- Roman Polanski
- Jodie Foster, Kate Winslet, John C. Reilly, Christoph Waltz
- 79 min.
- Release Date
Roman Polanski’s best films involve confined spaces of some kind—a limited area in which the characters and thus the viewer are ensnared and cannot escape. You might call this structure Polanski’s obsession: The yacht in his first film, Knife in the Water, becomes a hotbed of jealousy and eventually murder; mysterious horrors inhabit the claustrophobic apartments in Repulsion, Rosemary’s Baby, and The Tenant; secluded houses in Cul-de-sac, Death and the Maiden, and The Ghost Writer give way to criminal goings-on. Paranoia reels through each of these close-quarter locales and they become prisons, as each example entraps a limited number of characters within a space wherein their interactions peel away the layers of their personality, revealing ugliness but ultimately the truth underneath.
With Carnage, an adaptation of the Paris-based Yasmina Reza play Le Dieu du carnage (God of Carnage), Polanski’s film proceeds in real-time and almost never leaves the boundaries of a Brooklyn apartment. Following a schoolyard incident where one 11-year-old boy strikes another in the face with a stick, the deftly smug, bourgeois parents have a civilized meeting to avoid any more serious consequences for the boys. Michael (John C. Reilly) and Penelope (Jodie Foster), the parents of the injured party, host a gathering in their home for Alan (Christoph Waltz) and Nancy (Kate Winslet), the parents of the aggressor. The two couples begin by agreeing on a written statement of what occurred, respectfully discussing the use of the words “armed with” versus “holding” a stick. Their conciliatory talks move into how the boys should apologize to one another, seep into idle chit-chat, and, fuelled by underpinnings of resentment from both sides, deteriorate into chaos as the afternoon’s dialogue exposes everyone’s hypocrisies.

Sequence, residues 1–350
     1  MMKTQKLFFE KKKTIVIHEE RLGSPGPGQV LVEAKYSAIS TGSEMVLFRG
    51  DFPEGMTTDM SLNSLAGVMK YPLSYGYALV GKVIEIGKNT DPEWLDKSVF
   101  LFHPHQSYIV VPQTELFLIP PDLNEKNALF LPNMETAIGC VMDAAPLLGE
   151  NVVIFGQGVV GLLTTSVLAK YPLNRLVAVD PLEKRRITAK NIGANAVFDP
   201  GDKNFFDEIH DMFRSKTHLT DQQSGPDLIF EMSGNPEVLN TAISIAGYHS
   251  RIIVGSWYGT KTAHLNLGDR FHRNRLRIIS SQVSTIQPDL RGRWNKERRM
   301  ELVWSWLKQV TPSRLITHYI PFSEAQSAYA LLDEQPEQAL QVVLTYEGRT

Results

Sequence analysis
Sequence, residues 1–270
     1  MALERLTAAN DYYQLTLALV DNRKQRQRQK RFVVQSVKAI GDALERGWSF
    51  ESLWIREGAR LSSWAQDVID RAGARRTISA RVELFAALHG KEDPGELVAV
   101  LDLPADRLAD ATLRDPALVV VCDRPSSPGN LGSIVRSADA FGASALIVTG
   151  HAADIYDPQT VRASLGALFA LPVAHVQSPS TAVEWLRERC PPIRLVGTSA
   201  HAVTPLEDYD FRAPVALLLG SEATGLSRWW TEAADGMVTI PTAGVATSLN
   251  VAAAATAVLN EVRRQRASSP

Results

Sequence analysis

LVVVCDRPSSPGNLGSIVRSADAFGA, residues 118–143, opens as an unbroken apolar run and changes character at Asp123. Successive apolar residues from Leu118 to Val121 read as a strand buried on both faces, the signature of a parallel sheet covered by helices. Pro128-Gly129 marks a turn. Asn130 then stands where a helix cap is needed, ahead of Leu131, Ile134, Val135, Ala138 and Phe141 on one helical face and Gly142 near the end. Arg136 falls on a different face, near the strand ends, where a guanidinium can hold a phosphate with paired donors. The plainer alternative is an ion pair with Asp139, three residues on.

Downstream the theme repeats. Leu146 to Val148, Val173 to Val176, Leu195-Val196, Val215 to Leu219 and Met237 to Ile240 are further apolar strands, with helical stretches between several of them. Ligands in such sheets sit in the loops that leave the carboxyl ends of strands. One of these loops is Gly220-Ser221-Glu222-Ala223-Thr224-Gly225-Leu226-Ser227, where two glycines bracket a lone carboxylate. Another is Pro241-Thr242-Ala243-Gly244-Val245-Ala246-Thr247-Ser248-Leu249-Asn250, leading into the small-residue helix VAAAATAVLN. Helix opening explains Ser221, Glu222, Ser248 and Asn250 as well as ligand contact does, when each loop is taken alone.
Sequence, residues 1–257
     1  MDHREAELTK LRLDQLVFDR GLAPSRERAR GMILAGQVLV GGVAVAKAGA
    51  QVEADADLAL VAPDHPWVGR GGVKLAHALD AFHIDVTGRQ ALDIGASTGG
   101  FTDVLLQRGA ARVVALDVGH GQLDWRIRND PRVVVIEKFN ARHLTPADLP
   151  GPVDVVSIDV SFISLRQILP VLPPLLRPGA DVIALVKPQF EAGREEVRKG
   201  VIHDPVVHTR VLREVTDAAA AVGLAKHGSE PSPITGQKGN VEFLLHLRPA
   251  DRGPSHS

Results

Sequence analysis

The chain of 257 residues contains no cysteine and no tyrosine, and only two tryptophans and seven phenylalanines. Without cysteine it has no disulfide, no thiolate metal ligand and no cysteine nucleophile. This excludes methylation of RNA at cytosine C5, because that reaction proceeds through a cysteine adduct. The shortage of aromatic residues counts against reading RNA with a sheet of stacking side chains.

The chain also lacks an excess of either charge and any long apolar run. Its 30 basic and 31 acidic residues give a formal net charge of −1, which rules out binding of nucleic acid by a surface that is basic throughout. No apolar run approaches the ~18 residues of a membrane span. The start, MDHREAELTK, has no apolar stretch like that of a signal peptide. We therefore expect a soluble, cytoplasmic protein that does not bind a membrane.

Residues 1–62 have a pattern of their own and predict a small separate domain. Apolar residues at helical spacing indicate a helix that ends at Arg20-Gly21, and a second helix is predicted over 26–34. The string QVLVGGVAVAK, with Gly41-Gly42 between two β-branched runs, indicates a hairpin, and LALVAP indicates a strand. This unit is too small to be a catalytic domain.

The play debuted in 2006 in Zurich before appearing in France in 2008. Later that year, Christopher Hampton adapted an English-language version for the London stage. The one-act production didn’t arrive on Broadway until 2009, and originally featured James Gandolfini, Marcia Gay Hardin, Jeff Daniels, and Hope Davis; it walked away with a Tony Award for Best Play. But in Polanski’s version, he and the playwright Reza have returned to the original text and made revisions from there. For obvious reasons, Polanski couldn’t film on U.S. soil, so he shot his film in Paris. Only brief bookend moments on the playground were shot in New York by a second unit; beyond that, Polanski flawlessly evokes a New York backdrop with the use of paintings and subtle computer technology. For the interior, production designer Dean Tavoularis puts together an apartment in which Pawel Edelman’s camera moves about fluidly, making the most of his limited space without one ill-conceived shot. With a runtime of 79 minutes, Polanski keeps us rapt in a breezy, biting comedy of mounting social frustrations.
More prudish than their new acquaintances, the moneyed Alan and Nancy hope to wrap up their obligatory and uncomfortable meeting quickly; they leave their coats on and make for the door at every opportunity. Polanski taunts their escape when, going through the motions of saying goodbye, they make it into the hallway, almost into the elevator even, only to be offered a last-minute cobbler and cup of coffee. And so they go, back into the apartment of the middle-class liberal hosts who consider themselves broad-minded. Michael sells decorative hardware supplies and Penelope is a struggling writer working on a book about Darfur, and they try to remain understanding. And at first, corporate attorney Alan and investment broker Nancy seem like the guilty party, being the parents of the aggressor. Rudely, Alan keeps interrupting their conversation with incessant cell phone calls as everyone else patiently waits, while Nancy’s reserved conduct comes off as bitchy. But good manners are tested after Nancy suddenly becomes ill and projectile vomits all over the coffee table and Penelope’s rare art books. The accident peels away another layer of good manners that reveals how much Michael and Penelope have been putting on.